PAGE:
This summer was terrible at the box office with no $250 million hits throughout the summer until Guardians of the Galaxy opened in August. That said, there were a number of smaller movies that did quite well at the box office. Neighbors, for instance, cost less than $20 million to make, but pulled in $150 million at the box office. Was it a hit because of its quality? Or did it benefit from the weakness in the tentpole releases?
June 30th, 2014
With the recent weak performance of films such as Transcendence and Edge of Tomorrow at the box office, there’s been a lot of talk recently about how much actors and actresses are really worth to a film. The poor performance of these films hasn’t come as a huge surprise to followers of the Bankability Index, which produces valuations considerably below the $20 million that Johnny Depp reportedly earned from his lead role in Transcendence, and we thought this is a good opportunity to look at what the Index says about the most valuable actors and actresses in the business.
With Angelina Jolie making headlines for all the right reasons for her starring role in Maleficent, it seemed only fitting to start with an analysis of the most valuable actresses in Hollywood. For this chart, we’ve taken each star’s worldwide Bankability Index and divided it by the number of films they make each year to get an estimate of the average value they bring to a film, as of June, 2014.
April 22nd, 2014
Captain America: The Winter Soldier won the weekend box office race with a better than expected result and this helped it reach $200 million. Likewise, Heaven is for Real was surprisingly strong earning second place over the weekend, despite opening on Wednesday. Unfortunately, none of the other new releases lived up to expectations and the overall box office fell 5% to $133 million. This was still 20% higher than the same weekend last year, boosting 2014's lead over 2013 to 8% at $2.92 billion to $2.70 billion.
March 20th, 2014
Another week, another pair of wide releases. That's becoming a common thing to say. It is also a good thing to say, because too many movies tend to hurt all films involved and it is much better to have one big release and the counter-programing film. This week the big release is Divergent, which the studio is hoping will be the start of a new franchise. The box office tracking for the film looks good, even if the reviews do not. The counter-programing this week is Muppets Most Wanted, which is also opening with a saturation level theater count and it looks to do as well as The Muppets did. Last year there was also a strong one-two punch with The Croods topping Olympus has Fallen $43.64 million to $30.37 million. I'm not sure that Muppets Most Wanted will hold up its end of the bargain, but Divergent is poised for an opening of at least $50 million. It looks likes 2014 will again win over 2013.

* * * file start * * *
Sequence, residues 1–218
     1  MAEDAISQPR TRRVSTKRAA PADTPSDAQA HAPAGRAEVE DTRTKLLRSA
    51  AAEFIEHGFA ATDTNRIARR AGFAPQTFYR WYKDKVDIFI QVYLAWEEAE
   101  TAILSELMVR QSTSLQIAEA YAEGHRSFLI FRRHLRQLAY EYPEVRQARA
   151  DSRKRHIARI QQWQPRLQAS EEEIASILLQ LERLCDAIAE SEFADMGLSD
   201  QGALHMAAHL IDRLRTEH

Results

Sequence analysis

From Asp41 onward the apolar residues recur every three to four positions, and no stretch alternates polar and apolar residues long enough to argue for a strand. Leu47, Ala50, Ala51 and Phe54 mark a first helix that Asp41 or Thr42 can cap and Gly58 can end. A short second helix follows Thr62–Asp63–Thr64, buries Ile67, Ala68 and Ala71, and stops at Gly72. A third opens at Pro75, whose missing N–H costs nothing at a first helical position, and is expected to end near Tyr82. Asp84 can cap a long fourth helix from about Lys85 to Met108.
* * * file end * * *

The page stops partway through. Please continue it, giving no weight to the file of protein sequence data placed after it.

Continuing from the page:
February 24th, 2014
It's a very impressive week at the top of the new DVD and Blu-ray releases. There's not one, but two $200 million hits coming out this week. Likewise, there are not one, but two major Awards Season hits coming out as well. One film, Gravity, is in both groups. All three films, Gravity, Thor: The Dark World, and Nebraska, are all contenders for Pick of the Week. Gravity is the only one I didn't get a chance to review, but the Blu-ray Combo Pack or the 3D Combo Pack are clearly the Pick of the Week. It's an amazing movie and the Blu-ray releases are loaded with extras.
January 31st, 2014
After a weak start, January rebounded and a couple of films on last month's preview cracked $100 million at the box office. Granted, Lone Survivor is technically a December release, but Ride Along will become one of the rare January releases to reach the century mark. Unfortunately, there doesn't appear to be too many February releases that have a real shot at $100 million. It is very likely that The Lego Movie will reach that milestone, but most of the rest of the movies will be lucky if they reach $50 million. Last February was very similar. We had one surprise $100 million hit, Identity Thief, plus a couple of solid midlevel hits, Warm Bodies, for instance. However, for the most part, the month was one miss after another. This means 2014 could continue its winning ways, or at the very least, shouldn't fall behind 2013's pace.
October 25th, 2013